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Cephalalgia. 2008 Nov;28(11):1188-95. doi: 10.1111/j.1468-2982.2008.01674.x. Epub 2008 Sep 2.

What happens to new-onset headache presented to primary care? A case-cohort study using electronic primary care records.

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1
St Thomas Medical Group, Exeter, UK. su1838@eclipse.co.uk

Abstract

In the UK, 4% of general practitioner consultations are for headache, yet the natural history of these presentations is unknown. The objective of this study was to describe the outcome of new headache presentations to the general practitioner. This was a prospective case-control study in adults over a period of 1 year using data from the General Practitioner Research Database, UK. Records of patients who presented with primary headache (migraine, tension-type headache, cluster headache) or undifferentiated headache (no further descriptor) were examined for the subsequent year for subarachnoid haemorrhage, primary brain tumour, benign space-occupying lesion, temporal arteritis, stroke and transient ischaemic attack. We identified 21,758 primary headaches and 63,921 undifferentiated headaches. The likelihood ratio was 29 (9.9, 92) for a subarachnoid haemorrhage after an undifferentiated headache and increased with age. The 1-year risk of a malignant brain tumour with new undifferentiated headache was 0.15%, rising to 0.28% above the age of 50 years. For primary headache the risk was 0.045%. The risk for a benign space-occupying lesion was 0.05% for an undifferentiated and 0.009% for a primary headache. The risk of temporal arteritis was the highest of the conditions studied, 0.66% in the undifferentiated and 0.18% in the primary headache group. Accepting the limitations of this approach, our data can inform management guidelines for new presentations of headache in primary care and confirm the need for follow-up, even if a primary headache diagnosis is made.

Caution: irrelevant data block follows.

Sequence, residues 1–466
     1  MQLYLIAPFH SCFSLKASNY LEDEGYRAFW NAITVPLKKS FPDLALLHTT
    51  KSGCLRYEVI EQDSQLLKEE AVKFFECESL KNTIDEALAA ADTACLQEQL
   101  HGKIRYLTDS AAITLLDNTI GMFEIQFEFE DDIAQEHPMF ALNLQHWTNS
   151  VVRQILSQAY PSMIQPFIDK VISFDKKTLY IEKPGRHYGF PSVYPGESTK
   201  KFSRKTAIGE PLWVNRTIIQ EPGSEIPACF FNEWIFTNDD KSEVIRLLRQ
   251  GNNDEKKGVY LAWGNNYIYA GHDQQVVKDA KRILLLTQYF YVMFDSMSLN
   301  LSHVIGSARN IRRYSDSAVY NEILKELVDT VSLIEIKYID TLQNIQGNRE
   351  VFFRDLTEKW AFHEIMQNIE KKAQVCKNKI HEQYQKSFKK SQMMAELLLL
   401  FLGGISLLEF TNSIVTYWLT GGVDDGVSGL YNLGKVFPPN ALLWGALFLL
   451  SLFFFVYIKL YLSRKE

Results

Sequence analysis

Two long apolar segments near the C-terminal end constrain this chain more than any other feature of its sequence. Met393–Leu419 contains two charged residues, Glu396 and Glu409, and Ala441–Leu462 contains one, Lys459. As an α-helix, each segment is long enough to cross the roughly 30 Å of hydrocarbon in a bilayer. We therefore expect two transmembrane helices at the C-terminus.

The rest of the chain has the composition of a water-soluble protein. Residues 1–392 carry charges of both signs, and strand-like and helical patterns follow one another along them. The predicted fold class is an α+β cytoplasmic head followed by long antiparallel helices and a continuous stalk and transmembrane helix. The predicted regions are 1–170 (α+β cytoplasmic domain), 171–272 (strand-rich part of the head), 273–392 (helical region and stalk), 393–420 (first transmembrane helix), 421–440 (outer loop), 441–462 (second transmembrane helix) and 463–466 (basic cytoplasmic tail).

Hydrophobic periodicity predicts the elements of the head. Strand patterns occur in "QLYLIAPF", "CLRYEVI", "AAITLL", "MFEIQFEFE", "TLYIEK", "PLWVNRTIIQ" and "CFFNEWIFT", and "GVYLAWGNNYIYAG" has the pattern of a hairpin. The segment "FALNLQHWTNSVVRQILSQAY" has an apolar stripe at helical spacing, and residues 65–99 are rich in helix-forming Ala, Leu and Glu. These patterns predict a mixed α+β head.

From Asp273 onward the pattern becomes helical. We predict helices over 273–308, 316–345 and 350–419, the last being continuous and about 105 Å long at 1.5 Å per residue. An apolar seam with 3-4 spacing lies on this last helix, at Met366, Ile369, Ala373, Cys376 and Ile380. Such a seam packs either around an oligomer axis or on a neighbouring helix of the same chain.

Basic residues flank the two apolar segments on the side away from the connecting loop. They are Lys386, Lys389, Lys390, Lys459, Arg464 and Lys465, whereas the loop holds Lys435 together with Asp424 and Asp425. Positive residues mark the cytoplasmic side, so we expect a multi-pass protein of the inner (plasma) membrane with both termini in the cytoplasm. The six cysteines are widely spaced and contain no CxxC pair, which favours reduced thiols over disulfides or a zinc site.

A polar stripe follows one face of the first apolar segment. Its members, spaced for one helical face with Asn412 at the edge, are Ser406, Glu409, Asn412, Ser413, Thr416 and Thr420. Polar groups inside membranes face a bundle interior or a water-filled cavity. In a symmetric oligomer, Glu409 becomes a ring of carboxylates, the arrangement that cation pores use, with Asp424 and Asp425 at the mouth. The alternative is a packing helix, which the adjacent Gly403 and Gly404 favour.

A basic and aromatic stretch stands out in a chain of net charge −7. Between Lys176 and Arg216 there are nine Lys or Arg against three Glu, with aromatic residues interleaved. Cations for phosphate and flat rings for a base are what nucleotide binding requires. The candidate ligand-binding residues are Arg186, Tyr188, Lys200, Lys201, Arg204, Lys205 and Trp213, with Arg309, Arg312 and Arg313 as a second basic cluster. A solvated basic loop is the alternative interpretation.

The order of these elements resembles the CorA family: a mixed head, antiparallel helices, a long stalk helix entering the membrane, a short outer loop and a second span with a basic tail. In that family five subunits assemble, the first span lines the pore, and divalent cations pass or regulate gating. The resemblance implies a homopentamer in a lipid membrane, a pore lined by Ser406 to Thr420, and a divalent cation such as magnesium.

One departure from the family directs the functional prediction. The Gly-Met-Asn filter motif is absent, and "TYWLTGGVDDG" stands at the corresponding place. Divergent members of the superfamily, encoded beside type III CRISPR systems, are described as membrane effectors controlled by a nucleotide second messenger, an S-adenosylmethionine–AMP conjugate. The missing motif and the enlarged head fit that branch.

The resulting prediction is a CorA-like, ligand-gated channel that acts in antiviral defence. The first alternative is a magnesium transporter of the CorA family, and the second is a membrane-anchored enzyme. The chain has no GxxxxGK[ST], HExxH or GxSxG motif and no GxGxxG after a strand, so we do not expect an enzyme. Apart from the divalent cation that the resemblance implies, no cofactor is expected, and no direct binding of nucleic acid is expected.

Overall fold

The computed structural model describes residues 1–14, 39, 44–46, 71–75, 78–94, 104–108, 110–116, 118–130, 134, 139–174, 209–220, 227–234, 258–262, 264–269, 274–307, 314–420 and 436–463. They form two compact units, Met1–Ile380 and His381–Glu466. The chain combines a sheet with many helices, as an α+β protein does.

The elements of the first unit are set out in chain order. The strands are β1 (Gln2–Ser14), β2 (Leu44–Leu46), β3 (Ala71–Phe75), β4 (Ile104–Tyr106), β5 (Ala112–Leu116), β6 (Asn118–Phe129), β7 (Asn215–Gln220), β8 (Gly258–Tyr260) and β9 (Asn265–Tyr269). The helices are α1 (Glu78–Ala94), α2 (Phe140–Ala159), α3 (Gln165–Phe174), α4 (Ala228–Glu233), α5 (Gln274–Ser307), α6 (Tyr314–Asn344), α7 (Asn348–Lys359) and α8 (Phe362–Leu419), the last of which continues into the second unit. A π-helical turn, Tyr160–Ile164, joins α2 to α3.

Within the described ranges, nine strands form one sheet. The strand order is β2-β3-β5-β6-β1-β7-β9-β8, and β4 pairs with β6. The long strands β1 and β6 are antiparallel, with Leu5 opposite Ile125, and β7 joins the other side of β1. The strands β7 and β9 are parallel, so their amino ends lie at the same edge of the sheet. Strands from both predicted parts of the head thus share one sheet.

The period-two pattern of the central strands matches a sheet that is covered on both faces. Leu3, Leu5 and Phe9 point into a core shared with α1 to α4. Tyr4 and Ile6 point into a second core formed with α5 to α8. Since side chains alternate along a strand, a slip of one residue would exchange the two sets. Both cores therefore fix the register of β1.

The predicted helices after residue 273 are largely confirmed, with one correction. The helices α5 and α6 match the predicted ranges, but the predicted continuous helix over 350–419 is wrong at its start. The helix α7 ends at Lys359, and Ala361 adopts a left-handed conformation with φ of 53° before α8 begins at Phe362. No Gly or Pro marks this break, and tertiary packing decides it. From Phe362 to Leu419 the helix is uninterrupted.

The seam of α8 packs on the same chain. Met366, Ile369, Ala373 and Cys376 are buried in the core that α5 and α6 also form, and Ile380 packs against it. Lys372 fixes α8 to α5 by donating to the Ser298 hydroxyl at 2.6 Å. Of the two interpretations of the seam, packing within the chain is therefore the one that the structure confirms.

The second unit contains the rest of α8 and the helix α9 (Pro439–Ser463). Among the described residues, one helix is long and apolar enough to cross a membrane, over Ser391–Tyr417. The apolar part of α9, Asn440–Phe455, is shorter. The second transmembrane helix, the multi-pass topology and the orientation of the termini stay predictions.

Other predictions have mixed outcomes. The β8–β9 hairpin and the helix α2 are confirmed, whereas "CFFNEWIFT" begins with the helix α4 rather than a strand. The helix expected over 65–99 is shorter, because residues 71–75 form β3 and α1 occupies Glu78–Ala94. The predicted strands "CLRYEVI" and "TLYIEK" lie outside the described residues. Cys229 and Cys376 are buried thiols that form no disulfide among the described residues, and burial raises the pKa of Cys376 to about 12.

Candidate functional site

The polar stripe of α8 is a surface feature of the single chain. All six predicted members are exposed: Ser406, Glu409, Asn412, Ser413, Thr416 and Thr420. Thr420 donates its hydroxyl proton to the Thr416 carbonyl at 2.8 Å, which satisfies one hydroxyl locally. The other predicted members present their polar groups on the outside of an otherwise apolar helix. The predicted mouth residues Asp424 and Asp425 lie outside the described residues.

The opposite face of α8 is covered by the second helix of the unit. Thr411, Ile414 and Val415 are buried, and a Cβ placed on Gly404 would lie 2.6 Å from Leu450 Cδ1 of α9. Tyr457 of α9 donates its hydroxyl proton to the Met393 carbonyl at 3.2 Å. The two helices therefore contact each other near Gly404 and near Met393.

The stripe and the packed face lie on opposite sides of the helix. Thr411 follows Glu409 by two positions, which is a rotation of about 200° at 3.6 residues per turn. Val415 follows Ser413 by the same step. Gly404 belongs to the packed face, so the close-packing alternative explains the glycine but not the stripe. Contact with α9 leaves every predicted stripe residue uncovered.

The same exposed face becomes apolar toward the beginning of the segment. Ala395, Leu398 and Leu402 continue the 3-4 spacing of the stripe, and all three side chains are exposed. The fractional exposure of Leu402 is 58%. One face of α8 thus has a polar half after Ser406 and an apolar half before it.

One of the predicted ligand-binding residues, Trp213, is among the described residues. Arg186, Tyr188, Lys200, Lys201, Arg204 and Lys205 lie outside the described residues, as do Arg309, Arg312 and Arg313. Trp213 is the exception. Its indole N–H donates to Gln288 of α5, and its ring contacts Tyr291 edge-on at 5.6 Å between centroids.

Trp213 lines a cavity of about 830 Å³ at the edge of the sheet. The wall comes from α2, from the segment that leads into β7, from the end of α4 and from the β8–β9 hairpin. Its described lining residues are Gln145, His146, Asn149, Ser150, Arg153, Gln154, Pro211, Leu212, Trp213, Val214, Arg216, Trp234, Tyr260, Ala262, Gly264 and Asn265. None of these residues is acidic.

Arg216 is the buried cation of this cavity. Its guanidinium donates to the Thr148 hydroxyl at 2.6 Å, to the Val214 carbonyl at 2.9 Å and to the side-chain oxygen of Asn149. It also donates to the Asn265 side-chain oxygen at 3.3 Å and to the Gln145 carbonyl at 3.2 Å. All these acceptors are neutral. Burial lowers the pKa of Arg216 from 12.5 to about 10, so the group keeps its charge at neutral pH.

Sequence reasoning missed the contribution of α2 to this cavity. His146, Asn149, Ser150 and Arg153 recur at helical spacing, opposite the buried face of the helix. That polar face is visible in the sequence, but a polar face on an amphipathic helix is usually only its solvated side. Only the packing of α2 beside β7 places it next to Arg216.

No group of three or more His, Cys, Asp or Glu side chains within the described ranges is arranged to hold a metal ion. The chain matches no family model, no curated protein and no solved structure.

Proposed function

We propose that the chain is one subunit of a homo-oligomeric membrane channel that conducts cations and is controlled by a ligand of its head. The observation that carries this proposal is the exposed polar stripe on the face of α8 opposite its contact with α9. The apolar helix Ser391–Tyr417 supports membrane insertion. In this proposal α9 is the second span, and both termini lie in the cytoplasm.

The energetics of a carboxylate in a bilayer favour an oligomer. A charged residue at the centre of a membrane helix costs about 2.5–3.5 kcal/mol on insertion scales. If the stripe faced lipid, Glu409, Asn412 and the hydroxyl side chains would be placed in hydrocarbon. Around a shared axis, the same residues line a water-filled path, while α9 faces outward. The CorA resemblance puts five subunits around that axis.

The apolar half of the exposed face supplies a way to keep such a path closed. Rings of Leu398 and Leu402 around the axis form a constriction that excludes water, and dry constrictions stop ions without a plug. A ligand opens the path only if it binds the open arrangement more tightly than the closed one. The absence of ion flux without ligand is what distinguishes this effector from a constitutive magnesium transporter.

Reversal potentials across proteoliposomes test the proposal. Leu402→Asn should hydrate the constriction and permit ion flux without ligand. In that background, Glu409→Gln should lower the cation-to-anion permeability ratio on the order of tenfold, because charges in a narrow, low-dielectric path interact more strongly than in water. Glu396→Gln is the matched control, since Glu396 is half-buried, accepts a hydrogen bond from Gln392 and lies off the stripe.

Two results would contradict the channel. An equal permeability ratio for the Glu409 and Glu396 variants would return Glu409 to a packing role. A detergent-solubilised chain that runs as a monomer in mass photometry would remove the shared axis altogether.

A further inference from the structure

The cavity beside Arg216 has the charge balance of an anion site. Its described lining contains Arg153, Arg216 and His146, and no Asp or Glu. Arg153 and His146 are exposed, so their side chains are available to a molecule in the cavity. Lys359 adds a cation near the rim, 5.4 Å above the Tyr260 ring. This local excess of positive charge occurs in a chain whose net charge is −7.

[Indexed for MEDLINE]

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